The difference between the water uptake capacities of the first growth substrate and the second substrate has the further advantage of improving root pruning during growth.
Various publications have disclosed growth of pot plants in a pot containing more than one growth substrate, but none of these has described application of such systems to processes of growing under conditions in which the plants are flooded with water at intervals. In particular none has suggested the particular benefits which arise in processes of growing under drought stress.
For instance FR-A-2599934 discloses a pot plant growing in a pot having in the base a water-retaining material, preferably a block of polyester foam, covered with an equal volume of drainage material, preferably clay or terracotta, covered with compost in which the base of the plant is situated. The roots extend into the drainage material and water-retaining material. No mention is made of the relative hydrophilicity or water uptake capacity values of the three substrates.
EP-A-165,112 describes pot plants grown with the aid of water retainers which are crystals in a bag or sachet placed in the base of the pot and covered with soil. It appears that the aim is to ensure that the plant has adequate water at all times even when watering is infrequent. There is no disclosure of the relative hydrophilicity or water uptake capacity values of the soil and water retainer crystals.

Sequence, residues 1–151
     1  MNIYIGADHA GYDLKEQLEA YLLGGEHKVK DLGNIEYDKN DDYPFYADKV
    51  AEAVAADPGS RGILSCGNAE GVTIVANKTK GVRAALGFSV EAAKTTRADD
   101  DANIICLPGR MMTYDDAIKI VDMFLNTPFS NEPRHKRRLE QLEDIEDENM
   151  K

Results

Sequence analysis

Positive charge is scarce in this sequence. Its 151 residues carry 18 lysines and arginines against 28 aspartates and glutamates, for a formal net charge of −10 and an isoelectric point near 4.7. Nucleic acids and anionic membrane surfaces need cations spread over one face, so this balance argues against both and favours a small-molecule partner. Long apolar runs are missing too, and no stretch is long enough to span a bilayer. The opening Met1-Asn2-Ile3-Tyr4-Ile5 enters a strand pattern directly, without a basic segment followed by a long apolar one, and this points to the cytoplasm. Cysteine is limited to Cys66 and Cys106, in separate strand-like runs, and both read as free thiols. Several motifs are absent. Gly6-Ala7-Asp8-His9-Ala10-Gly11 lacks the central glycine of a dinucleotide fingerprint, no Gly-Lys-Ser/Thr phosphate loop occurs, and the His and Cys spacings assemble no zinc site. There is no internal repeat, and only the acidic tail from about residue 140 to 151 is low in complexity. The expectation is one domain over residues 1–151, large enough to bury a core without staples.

WO00/05939 describes a plant pot comprising a first upper space separated from a second lower space by a porous plate, and a third space surrounding the second space. The second space accommodates a moisture-retaining, hydrating but air-permeable material. The aim is to prevent roots which grow through the porous plate from succumbing to root rot. An advantage of the pot described is said to be that it minimises shortage of moisture for the plant.
The method is preferably practised on pot plants grown in individual pots containing the first growth substrate. The invention will be discussed below in these terms, but it will be seen that it is applicable to growth of plants other than in pots.
Preferably the method is practised on at least 10, preferably at least 100 and in some cases at least 500 or even at least 1,000 plants simultaneously. Generally each plant is provided in a separate pot.
The plant is positioned for growth in a first growth substrate. That is, the base of the stem of the plant is in the first growth substrate. The first growth substrate is in fluid communication with a second substrate, generally also a material usable as a growth substrate.
The first growth substrate has a water uptake capacity which is generally relatively high.
Determination of the relative water uptake capacities of the first and second substrate is carried out as follows.